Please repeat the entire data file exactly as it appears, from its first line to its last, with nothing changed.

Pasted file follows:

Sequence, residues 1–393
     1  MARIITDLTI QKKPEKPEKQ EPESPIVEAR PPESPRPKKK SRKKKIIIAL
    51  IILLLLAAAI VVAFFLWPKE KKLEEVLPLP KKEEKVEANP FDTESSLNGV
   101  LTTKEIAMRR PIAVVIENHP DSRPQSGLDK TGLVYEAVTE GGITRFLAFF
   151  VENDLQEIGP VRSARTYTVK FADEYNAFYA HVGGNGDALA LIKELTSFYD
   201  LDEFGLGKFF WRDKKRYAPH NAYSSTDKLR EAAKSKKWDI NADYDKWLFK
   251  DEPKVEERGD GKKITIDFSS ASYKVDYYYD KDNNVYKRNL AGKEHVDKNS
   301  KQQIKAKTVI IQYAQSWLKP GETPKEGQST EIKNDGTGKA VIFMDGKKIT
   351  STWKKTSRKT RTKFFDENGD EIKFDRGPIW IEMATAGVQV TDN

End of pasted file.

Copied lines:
Sequence, residues 1–393
     1  MARIITDLTI QKKPEKPEKQ EPESPIVEAR PPESPRPKKK SRKKKIIIAL
    51  IILLLLAAAI VVAFFLWPKE KKLEEVLPLP KKEEKVEANP FDTESSLNGV
   101  LTTKEIAMRR PIAVVIENHP DSRPQSGLDK TGLVYEAVTE GGITRFLAFF
   151  VENDLQEIGP VRSARTYTVK FADEYNAFYA HVGGNGDALA LIKELTSFYD
   201  LDEFGLGKFF WRDKKRYAPH NAYSSTDKLR EAAKSKKWDI NADYDKWLFK
   251  DEPKVEERGD GKKITIDFSS ASYKVDYYYD KDNNVYKRNL AGKEHVDKNS
   301  KQQIKAKTVI IQYAQSWLKP GETPKEGQST EIKNDGTGKA VIFMDGKKIT
   351  STWKKTSRKT RTKFFDENGD EIKFDRGPIW IEMATAGVQV TDN